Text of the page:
Catering industry fires up consumption in north China
Cutting vegetables and meat into pieces and putting them into a wok, a chef stirred the mixture for a while before adding varieties of ingredients. Then, appetizing dishes such as popular kung pao chicken and fried long beans were served one after another.
A group of chefs are busy these days in the kitchen of Xinya Restaurant in north China's Tianjin Municipality, with waiters shuttling in the dining hall to serve dozens of tables of guests who keep a certain distance from each other.
As the COVID-19 outbreak has been basically curbed in China, catering companies in Tianjin have gradually resumed business amid strict anti-epidemic measures, welcoming flooding foodies as they return gingerly to restaurants to fulfill their appetites after being cooped up at home for months.
"A total of 35 tables had been booked up Sunday. Besides online orders, our turnover is expected to reach about 720,000 yuan (US$101,368) in May," said Shi Min, general manager of Xinya Restaurant. "Though the virus outbreak struck us into the red in February and March, with immediate adjustment measures, we have racked up profits for 48 consecutive days, far beyond our expectations."
According to the general manager, before this year's Spring Festival which fell on Jan. 25, family reunion dinners for the Chinese New Year offered by the restaurant were all booked up, with deposits totaling more than 1.7 million yuan and prepared food materials worth more than 2 million yuan.
"Everything was ready to welcome the busiest period of the year when the coronavirus arrived," Shi said, noting that almost all customers canceled their reservations and the company had to return the deposits.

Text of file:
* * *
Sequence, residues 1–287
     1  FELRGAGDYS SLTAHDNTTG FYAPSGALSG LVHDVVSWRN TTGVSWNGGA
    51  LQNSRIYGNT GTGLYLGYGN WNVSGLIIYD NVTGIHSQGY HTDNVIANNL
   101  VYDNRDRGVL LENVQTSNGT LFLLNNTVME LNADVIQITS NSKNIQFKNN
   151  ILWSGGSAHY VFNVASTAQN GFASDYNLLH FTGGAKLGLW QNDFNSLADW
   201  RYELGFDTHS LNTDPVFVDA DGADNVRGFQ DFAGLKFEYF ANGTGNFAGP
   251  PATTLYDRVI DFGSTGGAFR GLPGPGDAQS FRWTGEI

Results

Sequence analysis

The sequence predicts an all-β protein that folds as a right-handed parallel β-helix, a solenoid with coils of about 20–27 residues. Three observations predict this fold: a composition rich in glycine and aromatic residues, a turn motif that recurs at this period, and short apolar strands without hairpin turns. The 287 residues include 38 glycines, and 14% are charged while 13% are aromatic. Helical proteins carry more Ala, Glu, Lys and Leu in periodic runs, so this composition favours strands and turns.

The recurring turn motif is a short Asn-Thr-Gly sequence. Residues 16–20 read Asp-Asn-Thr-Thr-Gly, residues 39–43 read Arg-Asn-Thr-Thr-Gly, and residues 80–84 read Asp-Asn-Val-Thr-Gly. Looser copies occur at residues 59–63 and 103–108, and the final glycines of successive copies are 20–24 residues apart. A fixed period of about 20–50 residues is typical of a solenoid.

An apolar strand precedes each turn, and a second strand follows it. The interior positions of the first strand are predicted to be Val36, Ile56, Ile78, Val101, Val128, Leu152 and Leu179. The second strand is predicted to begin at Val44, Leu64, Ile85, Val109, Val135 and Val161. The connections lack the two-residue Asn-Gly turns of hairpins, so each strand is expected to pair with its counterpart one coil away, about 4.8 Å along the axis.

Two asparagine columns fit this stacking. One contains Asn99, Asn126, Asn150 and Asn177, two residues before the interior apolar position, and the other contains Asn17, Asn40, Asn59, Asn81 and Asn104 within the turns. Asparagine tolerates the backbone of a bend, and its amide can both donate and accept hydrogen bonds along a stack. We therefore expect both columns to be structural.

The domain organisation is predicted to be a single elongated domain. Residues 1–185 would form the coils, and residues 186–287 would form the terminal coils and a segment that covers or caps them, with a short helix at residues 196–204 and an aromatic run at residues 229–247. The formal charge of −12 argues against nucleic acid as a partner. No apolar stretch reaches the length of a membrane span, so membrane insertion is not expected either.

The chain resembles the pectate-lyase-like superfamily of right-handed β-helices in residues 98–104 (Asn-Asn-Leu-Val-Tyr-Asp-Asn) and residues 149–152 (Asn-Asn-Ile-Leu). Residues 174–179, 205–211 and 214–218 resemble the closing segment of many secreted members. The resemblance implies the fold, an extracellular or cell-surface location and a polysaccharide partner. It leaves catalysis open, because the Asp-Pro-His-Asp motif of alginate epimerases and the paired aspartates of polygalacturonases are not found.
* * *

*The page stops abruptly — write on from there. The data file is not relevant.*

"The virus emptied our bustling restaurant which used to see all seats taken and even lengthy queues," Shi said.
To cope with the devastating impact, Xinya Restaurant set up stalls and online shops to sell fresh vegetables at low prices to residents nearby and provided working meals at cost prices with delivery services free of charge for community volunteers fighting against the epidemic.
Also, the restaurant has opened to online and takeaway orders to further reduce losses. "Some home-cooked dishes we added in the takeout window during the epidemic, which could bring us more than 6,000 yuan a day at most, helped us tide over the most difficult time as well."
"It's time for catering enterprises to upgrade their sales mode and expand the integration of online and offline sales," said Li Jiajin, president of the Tianjin Catering Industry Association.
On April 1, Xinya Restaurant resumed dining-in service while taking on a series of measures to ensure the safety of diners, including limiting the number of guests, providing sanitizer for customers and regularly sterilizing the tableware and other items.
"All customers need to have their temperature taken, keep a certain distance apart and use serving chopsticks and spoons," Shi said. "Our top priority lies in epidemic prevention and control. The confidence of our customers can slowly return only if we can create a safe environment."
According to the Tianjin Municipal Commission of Commerce, the city will provide customers with coupons worth more than 60 million yuan in sectors including catering to stimulate consumption.
"Thanks to measures such as offering coupons and giving out small gifts, drinks and fruits free of charge, our business is getting better recently," said Hu Peifeng, manager of Tianjin's Lishen Restaurant.
Ma Guojing, general manager of another restaurant in Tianjin, said they have promoted semi-prepared meals with simple cooking instructions listed on the packaging. Her restaurant also includes masks or disinfectant wipes with each takeaway order, which has attracted many customers.
"Traffic is busy again nearby my restaurant, and people are gradually getting back to their normal life. I believe brighter days will soon come," Ma said.